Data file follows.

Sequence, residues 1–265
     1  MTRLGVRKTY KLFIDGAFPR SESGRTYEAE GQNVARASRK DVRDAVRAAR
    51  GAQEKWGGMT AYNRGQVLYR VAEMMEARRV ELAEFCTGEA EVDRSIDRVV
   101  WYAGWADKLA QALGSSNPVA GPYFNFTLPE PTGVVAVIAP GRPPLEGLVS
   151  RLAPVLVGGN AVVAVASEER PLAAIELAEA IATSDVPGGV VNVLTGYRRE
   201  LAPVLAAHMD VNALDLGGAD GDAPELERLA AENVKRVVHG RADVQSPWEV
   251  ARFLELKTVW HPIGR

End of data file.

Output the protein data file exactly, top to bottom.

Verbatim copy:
Sequence, residues 1–265
     1  MTRLGVRKTY KLFIDGAFPR SESGRTYEAE GQNVARASRK DVRDAVRAAR
    51  GAQEKWGGMT AYNRGQVLYR VAEMMEARRV ELAEFCTGEA EVDRSIDRVV
   101  WYAGWADKLA QALGSSNPVA GPYFNFTLPE PTGVVAVIAP GRPPLEGLVS
   151  RLAPVLVGGN AVVAVASEER PLAAIELAEA IATSDVPGGV VNVLTGYRRE
   201  LAPVLAAHMD VNALDLGGAD GDAPELERLA AENVKRVVHG RADVQSPWEV
   251  ARFLELKTVW HPIGR